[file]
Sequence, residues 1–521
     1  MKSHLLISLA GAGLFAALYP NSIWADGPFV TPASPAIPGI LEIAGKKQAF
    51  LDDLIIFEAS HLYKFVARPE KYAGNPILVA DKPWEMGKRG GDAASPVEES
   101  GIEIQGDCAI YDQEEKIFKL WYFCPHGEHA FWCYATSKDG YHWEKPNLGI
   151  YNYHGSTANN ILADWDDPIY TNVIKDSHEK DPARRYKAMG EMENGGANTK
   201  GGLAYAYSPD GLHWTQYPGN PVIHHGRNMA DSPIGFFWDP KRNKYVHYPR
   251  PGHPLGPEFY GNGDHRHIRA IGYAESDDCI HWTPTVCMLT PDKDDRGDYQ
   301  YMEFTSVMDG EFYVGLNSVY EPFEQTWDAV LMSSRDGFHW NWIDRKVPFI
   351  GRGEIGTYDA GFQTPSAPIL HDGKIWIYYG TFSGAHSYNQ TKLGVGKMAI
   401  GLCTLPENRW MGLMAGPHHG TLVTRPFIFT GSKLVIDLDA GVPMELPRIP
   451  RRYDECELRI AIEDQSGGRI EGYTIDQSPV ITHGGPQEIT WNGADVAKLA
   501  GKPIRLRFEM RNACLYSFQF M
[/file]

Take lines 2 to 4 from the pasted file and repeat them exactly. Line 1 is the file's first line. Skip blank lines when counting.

     1  MKSHLLISLA GAGLFAALYP NSIWADGPFV TPASPAIPGI LEIAGKKQAF
    51  LDDLIIFEAS HLYKFVARPE KYAGNPILVA DKPWEMGKRG GDAASPVEES
   101  GIEIQGDCAI YDQEEKIFKL WYFCPHGEHA FWCYATSKDG YHWEKPNLGI